Kansas City, Kan.– With Social Security now projected to reach insolvency sooner than expected, Americans are looking to their employers for aid in providing the financial security they’ll need during their golden years. The Benefits USA 2010/2011 survey results found 98.8 percent of companies offer a retirement plan to their employees. Of the types of plans offered, defined contribution plans are the most prevalent as they are used by 61.1 percent of organizations surveyed.
Under a defined contribution plan, an employer and employee may make contributions to an account to be used for the employee’s retirement. Nearly 70 percent of employees are enrolled in defined contribution plans, which include 401(k), 403(b) and 457(b) or (f) plans. In addition, most organizations require employees work an average of 3.2 years to be fully vested in the plan and receive 100 percent of the employer’s contribution.
“Though retirement plan values suffered at the height of the recession, they remain a prominent part of companies’ compensation packages,” said Amy Kaminski, director of marketing for Compdata Surveys, the nation’s leading compensation and benefits survey data provider. “Employers understand the ability to plan for the future is an important benefit to their employees, especially during times of uncertainty.”
To determine the employer contribution into these plans, most companies opt to use a standard matching formula. The amounts companies are willing to match, however, has changed over the last several years. In 2005, companies matched an average of 47.4 percent of employees’ contributions, up to 6.5 percent of their pay. By 2007, the average company match increased to 50.4 percent, but the average salary maximum employers would match up to decreased to 5.8 percent. In 2010, companies reported matching 65.3 percent of employees’ salaries, up to 5.1 percent of their annual salary.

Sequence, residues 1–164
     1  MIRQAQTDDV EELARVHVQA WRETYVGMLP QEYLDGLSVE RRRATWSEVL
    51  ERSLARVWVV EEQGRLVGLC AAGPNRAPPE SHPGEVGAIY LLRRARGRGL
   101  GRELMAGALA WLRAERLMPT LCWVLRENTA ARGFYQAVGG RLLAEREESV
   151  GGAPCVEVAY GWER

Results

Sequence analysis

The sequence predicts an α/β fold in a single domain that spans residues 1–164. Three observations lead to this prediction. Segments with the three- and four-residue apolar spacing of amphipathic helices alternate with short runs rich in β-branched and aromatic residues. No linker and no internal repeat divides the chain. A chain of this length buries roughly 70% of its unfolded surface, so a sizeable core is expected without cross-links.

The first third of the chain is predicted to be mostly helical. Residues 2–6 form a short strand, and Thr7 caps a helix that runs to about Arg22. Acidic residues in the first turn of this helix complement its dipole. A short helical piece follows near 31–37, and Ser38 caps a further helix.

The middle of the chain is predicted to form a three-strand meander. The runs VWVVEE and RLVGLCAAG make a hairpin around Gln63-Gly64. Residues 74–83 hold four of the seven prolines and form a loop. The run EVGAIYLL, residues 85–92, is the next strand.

Differences can also be found by industry, as seen in companies who match contributions based on a fixed percentage of an employee’s salary. Not-for-profit organizations matching based on this method contribute the most, 6.9 percent of employees’ pay. Companies in utilities follow at 6.6 percent, compared to services at 5.2 percent. Hospitality employers contribute the least, 3.3 percent of their employees’ salaries.
About the Survey
Benefits USA 2010/2011 analyzes national and regional data on benefits eligibility and administration policies with detailed information on benefit plans, premiums and provisions. Information was collected from nearly 4,500 benefit plans covering over 6 million employees across the country.
Compdata Surveys is the nation’s leading compensation and benefits survey data provider. Thousands of U.S. organizations provide data each year ensuring the reliability of our results. Compdata Surveys has been providing comprehensive data at affordable prices to organizations from coast to coast since 1988. For further information about their compensation and benefits surveys, contact Michelle Willis at (800) 300-9570.
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